"Coach Kaufusi has told me that I'll be going back to end a lot of the time when Jordan comes in to play nose tackle," said Manumaleuna. "I was finally getting used to playing end after having a hard time adjusting to it, but now I'm back playing the middle, but doing whatever is best for the team is what it's all about."
Manumaleuna spent his true freshman year starting at nose tackle before leaving for his mission, so it's not exactly a baptism by fire. It is tougher than most fans would think, however.
"I really didn't want to go back to the middle after I got so comfortable at end," he said. "It's not because I don't want to play middle or not help out the team, it's just hard for me now with all the assignments changing up again."
He's only been getting the bulk of his work at nose tackle for two practices now, and he's already adjusting better after the second day.
"The first day it was tough, I'm not going to lie," he said. "But having that full year playing the middle, it's starting to come back and that was just after my second day, so I'm sure I'll get it again. I think I'll be even stronger now because of this because now I'll be able to play both effectively."
The biggest difference simply comes with the amount of blockers he has to take on. At end, he only has to take on one blocker most of the time, while at nose he rarely - if ever - takes on just a single blocker.
"It's definitely more physical," explained Manumaleuna. "I'm not as used to that now as I have been, but like I said, I'll get it back. I know I'm capable of doing it."
Anger Still There
Romney Fuga's injury was met with shock and then a lot of anger according to Manumaleuna, who grew very close to Fuga this past year.
"That was just a cheap shot, I don't care what they say," said Manumaleuna about the clip on Fuga that ended his season. "Romney is the greatest guy you'll ever meet and it's really unfair. He's just a humble and nice guy, so that really makes you angry."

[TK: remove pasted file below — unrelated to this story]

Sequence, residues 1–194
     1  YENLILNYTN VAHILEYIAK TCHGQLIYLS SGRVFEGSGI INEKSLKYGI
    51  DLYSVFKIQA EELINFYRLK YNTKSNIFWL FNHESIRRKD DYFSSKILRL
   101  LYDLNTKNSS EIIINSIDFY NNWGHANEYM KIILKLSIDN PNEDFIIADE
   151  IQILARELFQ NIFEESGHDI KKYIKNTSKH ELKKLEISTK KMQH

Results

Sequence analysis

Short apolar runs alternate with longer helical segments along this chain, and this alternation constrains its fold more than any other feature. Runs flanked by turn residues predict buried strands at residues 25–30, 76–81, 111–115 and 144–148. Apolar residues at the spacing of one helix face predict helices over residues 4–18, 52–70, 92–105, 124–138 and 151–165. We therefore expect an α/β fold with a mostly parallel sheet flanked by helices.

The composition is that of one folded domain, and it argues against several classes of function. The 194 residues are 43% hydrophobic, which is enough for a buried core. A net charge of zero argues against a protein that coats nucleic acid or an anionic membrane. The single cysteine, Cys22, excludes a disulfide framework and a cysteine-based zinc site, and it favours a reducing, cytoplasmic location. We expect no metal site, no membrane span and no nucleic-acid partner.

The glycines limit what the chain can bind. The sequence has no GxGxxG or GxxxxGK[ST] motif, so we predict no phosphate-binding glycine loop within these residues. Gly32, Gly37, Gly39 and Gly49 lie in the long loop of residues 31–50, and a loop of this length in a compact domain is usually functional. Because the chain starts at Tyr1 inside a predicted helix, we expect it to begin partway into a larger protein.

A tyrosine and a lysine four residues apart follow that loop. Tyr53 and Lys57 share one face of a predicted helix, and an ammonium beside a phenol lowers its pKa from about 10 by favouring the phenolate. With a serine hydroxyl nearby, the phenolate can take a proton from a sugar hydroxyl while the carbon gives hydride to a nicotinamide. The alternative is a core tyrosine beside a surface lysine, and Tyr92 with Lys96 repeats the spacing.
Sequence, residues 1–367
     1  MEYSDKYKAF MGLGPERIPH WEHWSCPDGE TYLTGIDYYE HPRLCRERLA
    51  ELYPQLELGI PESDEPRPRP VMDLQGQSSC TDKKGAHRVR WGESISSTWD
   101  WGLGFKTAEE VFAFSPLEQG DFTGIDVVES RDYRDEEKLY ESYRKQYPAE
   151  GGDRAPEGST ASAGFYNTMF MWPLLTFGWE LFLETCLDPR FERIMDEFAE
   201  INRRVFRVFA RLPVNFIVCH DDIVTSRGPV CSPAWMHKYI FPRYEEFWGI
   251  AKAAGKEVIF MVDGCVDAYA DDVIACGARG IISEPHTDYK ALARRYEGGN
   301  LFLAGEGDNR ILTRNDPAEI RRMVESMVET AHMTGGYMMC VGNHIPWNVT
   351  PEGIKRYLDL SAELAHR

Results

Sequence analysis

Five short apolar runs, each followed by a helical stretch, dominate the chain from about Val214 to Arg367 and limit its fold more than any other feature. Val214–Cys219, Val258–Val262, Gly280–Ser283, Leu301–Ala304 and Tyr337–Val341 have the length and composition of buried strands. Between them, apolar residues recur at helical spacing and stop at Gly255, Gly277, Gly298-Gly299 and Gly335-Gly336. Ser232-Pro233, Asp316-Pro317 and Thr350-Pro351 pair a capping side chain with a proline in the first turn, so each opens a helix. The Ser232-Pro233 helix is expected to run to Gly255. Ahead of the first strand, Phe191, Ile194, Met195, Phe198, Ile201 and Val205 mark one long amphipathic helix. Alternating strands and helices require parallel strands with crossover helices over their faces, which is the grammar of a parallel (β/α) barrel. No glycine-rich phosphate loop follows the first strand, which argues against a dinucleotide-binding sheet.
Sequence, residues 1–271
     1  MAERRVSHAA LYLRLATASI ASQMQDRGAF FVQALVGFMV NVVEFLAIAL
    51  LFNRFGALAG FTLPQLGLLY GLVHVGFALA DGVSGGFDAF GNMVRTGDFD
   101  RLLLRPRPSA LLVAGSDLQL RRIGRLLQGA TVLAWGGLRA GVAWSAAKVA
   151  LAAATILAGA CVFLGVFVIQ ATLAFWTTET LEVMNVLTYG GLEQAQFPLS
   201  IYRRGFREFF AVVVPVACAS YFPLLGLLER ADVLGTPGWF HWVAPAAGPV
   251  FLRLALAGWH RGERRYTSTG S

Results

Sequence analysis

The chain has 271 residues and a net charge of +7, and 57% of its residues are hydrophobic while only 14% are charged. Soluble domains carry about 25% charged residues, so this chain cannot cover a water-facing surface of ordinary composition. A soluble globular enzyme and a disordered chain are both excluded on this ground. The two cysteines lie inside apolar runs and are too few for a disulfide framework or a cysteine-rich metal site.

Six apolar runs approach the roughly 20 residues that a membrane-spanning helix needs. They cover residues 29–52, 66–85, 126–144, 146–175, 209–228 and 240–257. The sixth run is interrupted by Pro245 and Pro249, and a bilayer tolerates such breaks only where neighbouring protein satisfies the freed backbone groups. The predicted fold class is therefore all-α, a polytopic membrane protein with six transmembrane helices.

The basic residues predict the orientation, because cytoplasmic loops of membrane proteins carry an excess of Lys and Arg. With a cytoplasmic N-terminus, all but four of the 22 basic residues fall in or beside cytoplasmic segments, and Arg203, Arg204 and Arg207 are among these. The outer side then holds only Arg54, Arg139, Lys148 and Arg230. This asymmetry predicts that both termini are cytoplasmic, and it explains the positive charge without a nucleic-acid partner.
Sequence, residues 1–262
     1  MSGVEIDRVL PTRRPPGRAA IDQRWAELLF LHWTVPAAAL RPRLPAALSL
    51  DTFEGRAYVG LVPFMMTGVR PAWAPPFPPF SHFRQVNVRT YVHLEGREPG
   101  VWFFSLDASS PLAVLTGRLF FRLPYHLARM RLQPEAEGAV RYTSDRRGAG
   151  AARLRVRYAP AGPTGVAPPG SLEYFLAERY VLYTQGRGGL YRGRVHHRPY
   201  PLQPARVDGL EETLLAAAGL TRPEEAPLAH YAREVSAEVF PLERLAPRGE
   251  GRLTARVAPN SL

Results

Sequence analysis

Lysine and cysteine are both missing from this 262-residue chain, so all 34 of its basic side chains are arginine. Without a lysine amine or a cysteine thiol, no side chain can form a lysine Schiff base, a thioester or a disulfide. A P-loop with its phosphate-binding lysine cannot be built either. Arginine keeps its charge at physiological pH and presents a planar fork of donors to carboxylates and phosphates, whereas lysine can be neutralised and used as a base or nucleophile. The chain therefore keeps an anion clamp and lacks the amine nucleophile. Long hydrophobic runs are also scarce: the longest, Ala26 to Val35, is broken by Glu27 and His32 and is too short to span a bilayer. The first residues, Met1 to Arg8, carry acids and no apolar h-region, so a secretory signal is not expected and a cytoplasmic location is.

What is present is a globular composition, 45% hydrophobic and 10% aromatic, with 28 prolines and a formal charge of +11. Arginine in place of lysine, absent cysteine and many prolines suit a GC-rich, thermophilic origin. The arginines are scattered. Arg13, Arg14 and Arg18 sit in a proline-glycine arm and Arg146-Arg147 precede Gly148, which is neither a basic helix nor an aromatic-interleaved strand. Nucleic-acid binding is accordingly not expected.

So did he have the notion to get back at the player who caused the injury?
"It was tough, I'm not going to lie," said Manumaleuna. "That's not what we're about here at BYU, but it probably didn't sink in as much during the game as it has now, because I've just gotten really angry about it since it happened. It's just really, really tough to let that go because of how it happened and because of how great of a guy Romney is and what he means to this team."
Graham Rowley wasn't happy about the fact he was going to be redshirted. Few true freshmen are.
"I was a little bummed to be sure until it was explained to me how big of a benefit it could be," he said. "I was doing well and thought I was doing well on the scout team and sort of locked into doing that before Romney got hurt."
Rowley will now fill in at the backup end position, where he'll rotate with Matt Putnam. After a bit of an initial shock, he's confident that he'll be able to fill in effectively.
"I don't know how much I'll play, but I do know that I'll have to be ready to go in at any time," he said. "I'm just excited to play. We all want to play and to help the team and I'm really happy about that. It hurts the defense having a guy like Romney out, but hopefully I can help so we don't miss him as much."
Since arriving at BYU two weeks prior to fall camp, Rowley began taking ready notes from Manumaleuna and all the other defensive ends in the program.
"I knew guys would be helpful here, but they really help you more than I even expected," he said. "Eathyn has probably helped me out the most, but everyone - Vic, Matt Putnam, Coach Kaufusi, obviously - everyone has been a huge help. I've loved my time here so far. I've gotten better as a football player and hopefully I can help this team now. I also love BYU and being a student here."